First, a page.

City Doled Out Nearly $12M in Housing Subsidies to Dead People: Audit

Audit covers the period from July 2009 to November 2010

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    NEWSLETTERS

    A new audit shows that New York City paid out nearly $12 million in rent subsidies in recent years to 4,000 deceased residents.      

    City officials say they've already recouped $3.3 million and plan to collect the rest.    

    The audit by Comptroller John Liu covered the period from July 2009 to November 2010.      

    Liu has turned over his findings to the Manhattan district attorney's office to determine if any crimes were committed, reports the Daily News.      

    "There's no excuse for losing this much money -- management lapse, willful fraud or otherwise," Liu said in a statement.

    He claimed the city shortchanged many senior citizens by doling out the millions in housing subsidies to dead people over the years.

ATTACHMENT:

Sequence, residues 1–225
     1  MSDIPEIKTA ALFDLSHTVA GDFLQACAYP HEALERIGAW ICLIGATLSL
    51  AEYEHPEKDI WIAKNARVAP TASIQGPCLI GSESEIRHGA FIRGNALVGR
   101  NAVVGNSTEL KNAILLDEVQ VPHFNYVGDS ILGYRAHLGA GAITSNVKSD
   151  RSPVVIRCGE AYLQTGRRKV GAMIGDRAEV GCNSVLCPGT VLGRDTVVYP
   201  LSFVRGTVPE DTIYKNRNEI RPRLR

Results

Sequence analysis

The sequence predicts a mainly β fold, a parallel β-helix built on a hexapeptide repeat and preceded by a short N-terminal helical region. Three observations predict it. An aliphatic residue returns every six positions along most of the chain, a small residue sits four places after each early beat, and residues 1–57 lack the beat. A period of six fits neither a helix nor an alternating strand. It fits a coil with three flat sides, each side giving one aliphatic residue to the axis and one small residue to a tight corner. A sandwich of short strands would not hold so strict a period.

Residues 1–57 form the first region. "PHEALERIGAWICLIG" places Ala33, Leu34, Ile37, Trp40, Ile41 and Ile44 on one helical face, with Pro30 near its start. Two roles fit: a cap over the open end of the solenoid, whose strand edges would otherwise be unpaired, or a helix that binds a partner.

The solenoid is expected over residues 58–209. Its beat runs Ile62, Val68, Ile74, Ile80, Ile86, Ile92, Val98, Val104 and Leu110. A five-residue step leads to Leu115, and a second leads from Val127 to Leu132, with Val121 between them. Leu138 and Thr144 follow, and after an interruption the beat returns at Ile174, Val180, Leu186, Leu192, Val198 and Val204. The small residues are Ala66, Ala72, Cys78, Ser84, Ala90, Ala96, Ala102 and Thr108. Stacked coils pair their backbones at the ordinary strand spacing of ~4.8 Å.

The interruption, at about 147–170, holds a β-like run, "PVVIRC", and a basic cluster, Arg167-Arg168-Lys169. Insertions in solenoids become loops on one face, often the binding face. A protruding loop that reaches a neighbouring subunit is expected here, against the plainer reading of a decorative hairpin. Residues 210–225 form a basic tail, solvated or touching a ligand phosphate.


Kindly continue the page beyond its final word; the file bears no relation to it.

The city says it discovered the errors even before the comptroller uncovered them and began employing strategies to minimize such oversights.      

    The problem emerged from a popular program called the Senior Citizen Rent Increase Exemption Program.

    It assists low-income elderly tenants with their rents.      

    Landlords or family members are required to notify the city within 30 days if participants move or die.

    Liu's probe found that some relatives and landlords continued to claim the subsidies although the intended beneficiary had been dead for a decade or longer.    

    A Finance Department spokesman acknowledged that the city could do more than take the word of relatives and landlords in giving out subsidies.